Their eagle eyes have helped me improve my writing in so many ways, they encourage me, they prod me, and they have allowed me to feel more confident in my writing skills. Sometimes I can sit down with an idea and it will just flow - beautiful, succinct, and with prose-like clarity. Other times it is slogging through a swamp to get the words onto paper. I always revise numerous times before I release my work for critique, but there are rare times when I can't do that and it causes problems.
The current story I'm working on which is due on Monday is one of those times. I can't post it for critique because one of my best friends on the crit board is also a moderator of this particular monthly contest. Usually my DH looks at my work and scratches his head - it makes no sense to him because he doesn't understand the framework that I used for the background history. But this latest story has piqued his imagination and he volunteered to beta the piece for me. I haven't looked through what he did yet, but he did spend a good amount of time on it and he wants to take my idea and rewrite it in his own words also. I'll take a look through his suggestions/corrections this morning, apply many of them and ignore a few others, and I'll submit the story on time. I won't do this very often, though. All I got from him was "I wouldn't do it this way..." stuff. When I beta I am very careful to allow the author's voice to come through. I'm not so sure he is doing that, so I'll have to be careful that my voice still rings out through the story.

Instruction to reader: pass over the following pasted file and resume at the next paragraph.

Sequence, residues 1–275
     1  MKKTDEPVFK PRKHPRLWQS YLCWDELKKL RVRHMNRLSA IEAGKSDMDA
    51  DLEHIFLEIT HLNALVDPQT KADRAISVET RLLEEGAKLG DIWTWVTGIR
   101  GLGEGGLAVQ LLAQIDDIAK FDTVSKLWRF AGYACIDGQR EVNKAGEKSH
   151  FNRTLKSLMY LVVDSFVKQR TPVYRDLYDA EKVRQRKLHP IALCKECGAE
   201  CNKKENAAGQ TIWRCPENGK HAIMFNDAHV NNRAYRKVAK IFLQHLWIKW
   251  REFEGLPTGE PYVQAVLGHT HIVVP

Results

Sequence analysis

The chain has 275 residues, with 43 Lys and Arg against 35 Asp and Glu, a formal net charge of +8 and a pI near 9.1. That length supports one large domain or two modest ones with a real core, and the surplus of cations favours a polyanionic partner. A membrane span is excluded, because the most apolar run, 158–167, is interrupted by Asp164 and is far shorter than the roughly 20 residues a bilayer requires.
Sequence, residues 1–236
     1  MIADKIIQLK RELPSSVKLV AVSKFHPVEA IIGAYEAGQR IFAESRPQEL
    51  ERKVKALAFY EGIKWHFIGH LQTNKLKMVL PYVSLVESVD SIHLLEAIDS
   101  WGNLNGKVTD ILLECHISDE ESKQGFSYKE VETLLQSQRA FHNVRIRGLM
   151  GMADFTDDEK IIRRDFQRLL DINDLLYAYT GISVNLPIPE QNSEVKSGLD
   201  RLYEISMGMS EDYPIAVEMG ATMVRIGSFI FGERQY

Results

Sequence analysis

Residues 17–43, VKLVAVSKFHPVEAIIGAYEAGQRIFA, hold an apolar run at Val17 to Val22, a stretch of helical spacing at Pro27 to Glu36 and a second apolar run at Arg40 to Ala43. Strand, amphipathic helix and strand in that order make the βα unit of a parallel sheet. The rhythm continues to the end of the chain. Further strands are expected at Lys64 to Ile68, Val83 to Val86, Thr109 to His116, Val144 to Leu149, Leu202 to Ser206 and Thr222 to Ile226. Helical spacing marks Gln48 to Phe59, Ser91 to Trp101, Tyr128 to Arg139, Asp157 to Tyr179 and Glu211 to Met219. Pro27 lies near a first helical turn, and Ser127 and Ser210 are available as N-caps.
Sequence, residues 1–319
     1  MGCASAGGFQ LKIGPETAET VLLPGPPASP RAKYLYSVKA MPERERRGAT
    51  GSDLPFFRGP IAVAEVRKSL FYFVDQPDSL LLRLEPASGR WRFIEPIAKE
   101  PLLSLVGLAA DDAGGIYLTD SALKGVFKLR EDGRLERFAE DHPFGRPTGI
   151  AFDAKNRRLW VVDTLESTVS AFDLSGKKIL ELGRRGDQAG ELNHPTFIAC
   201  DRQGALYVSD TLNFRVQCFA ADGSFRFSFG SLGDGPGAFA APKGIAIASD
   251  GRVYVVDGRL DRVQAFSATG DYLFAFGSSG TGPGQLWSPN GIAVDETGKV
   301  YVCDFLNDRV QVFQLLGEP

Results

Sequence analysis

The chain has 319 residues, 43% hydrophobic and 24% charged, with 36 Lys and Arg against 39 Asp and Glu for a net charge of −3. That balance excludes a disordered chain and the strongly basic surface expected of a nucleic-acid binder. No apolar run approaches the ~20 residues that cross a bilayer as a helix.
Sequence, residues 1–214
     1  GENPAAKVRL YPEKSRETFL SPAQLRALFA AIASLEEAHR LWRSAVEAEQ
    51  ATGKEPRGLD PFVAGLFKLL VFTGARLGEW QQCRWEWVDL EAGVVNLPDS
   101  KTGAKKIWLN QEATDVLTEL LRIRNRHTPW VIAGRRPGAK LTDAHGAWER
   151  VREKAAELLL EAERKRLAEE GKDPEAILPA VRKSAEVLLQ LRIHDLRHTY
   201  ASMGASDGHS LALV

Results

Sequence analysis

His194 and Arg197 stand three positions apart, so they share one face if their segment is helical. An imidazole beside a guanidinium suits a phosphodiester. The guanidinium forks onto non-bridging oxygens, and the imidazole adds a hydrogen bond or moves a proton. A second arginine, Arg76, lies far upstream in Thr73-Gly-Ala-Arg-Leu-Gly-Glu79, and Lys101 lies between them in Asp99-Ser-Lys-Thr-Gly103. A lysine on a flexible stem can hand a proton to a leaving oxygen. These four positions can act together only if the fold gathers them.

And Vive Le Tour de France! What a race it has been. It will all end tomorrow on the streets of Paris, but I've been glued to the TV every day watching everything I could. Congratulations to Tommy Voeckler, Frank and Andy Schleck, and Cadel Evans. You've made this year's race outstanding!
Every so often I fall across a piece of music that is perfect for a particular story or character. Last night I heard EMI 64123, a six-disc compilation of the violin works of Michael Rabin, a prodigy who died when he was 36 years old. He was playing Niccolo Paganini's Violin Concerto #1. It wasn't the composition as much as the delivery that reminded me of Richard St Vier. And all I could see while listening to this was the incomparable swordsman practicing in the old rooms in Riverside with Alec reading in a corner. The economy of movement, the precision of each stroke were played through the music. If you love Swordspoint and love Richard St Vier, you might want to consider listening to Michael Rabin's interpretation of Paganini - it's brilliant!